“I Am Pleased with the Lambton Loot”: Arthur George Doughty and the Making of the Durham Papers

  • Jarett Henderson


This article uses Antoinette Burton’s concept of the “archive story” to explore Arthur George Doughty’s making of the Durham Papers. It resurrects Doughty’s “archive story” from the archives of the very institution that he worked tirelessly to create to argue that archivists – the individuals who collect, arrange, and describe the materials that historians rely on to write their histories – also make history. Doughty’s interest in Lord Durham’s administration, and the twenty years he spent collecting the documents that became the Durham Papers, secured a place in the vaults of the Public Archives of Canada for one of Canada’s most controversial Governors General and established Durham’s 1838 mission to British North America as a “milepost moment” in the annals of Canadian national history.


Cet article se sert du concept de « l’histoire d’archives » (« archive story »), élaboré par Antoinette Burton, pour explorer comment Arthur George Doughty a constitué la collection des Durham Papers. Il fait revivre « l’histoire d’archives » de Doughty, qui avait été reléguée aux archives de l’institution même qu’il avait tant oeuvré pour fonder. Cette histoire de Doughty montre que les archivistes, ces gens qui acquièrent, classent et décrivent les matériaux dont les historiens se servent pour écrire leurs ouvrages, façonnent eux aussi l’histoire. L’intérêt que portait Doughty pour l’administration de Lord Durham et les vingt ans de travail qu’il a consacré à l’acquisition des documents qui ont constitué la collection des Durham Papers ont fait en sorte que les voûtes des Archives publiques du Canada purent accueillir la collection d’un des gouverneurs généraux les plus controversés au Canada, tout en démontrant que la mission de Durham dans l’Amérique du Nord britannique en 1838 fut un moment important dans les annales de l’histoire nationale canadienne.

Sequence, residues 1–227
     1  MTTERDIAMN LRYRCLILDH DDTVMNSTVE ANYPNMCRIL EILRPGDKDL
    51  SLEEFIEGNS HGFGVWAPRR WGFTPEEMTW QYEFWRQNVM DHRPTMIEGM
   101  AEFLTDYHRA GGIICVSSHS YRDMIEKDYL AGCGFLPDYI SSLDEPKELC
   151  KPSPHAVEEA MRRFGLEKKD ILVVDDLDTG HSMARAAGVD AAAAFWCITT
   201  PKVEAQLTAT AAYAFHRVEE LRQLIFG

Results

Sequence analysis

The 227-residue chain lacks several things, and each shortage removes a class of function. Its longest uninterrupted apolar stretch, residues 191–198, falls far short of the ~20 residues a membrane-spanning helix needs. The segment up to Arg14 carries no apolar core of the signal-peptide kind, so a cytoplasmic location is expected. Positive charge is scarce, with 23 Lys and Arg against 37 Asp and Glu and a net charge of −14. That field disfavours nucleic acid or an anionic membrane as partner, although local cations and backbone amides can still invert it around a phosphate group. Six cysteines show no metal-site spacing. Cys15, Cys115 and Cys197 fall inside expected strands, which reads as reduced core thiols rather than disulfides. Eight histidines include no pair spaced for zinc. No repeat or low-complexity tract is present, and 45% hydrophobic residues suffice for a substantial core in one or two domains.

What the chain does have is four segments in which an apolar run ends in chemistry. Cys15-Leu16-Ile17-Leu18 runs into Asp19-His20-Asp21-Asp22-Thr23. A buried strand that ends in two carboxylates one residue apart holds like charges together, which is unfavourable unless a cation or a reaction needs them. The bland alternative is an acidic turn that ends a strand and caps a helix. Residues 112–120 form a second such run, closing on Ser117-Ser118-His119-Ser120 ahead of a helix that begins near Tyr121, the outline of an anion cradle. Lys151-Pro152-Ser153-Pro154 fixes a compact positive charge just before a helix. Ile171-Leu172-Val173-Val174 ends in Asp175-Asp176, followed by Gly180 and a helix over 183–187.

Author Biography

Jarett Henderson

Jarett Henderson completed his doctorate in history at York University in 2010. His dissertation examined Lord Durham’s 1838 administration of Lower Canada within the global framework of nineteenth-century reform move-ments. He is particularly interested in the personal, political, and affective ties that bound those in the British North American colonies to other sites of imperial expansion in the long-nineteenth century. His article on Arthur Doughty is part of a larger project that examines Doughty’s archival work in the early twentieth century and the effects it had, and continues to have, upon understandings of the history of Canada between 1760 and 1885. He has taught Canadian history at the University of Manitoba, where, in 2004 he completed his MA in history, and at York University. Currently teaching pre-Confederation Canadian history at Trent University in Oshawa, Jarett is revis-ing his dissertation for publication.

How to Cite
Henderson, Jarett. 2010. “‘I Am Pleased With the Lambton Loot’: Arthur George Doughty and the Making of the Durham Papers”. Archivaria 70 (October), 153-76. https://www.archivaria.ca/index.php/archivaria/article/view/13297.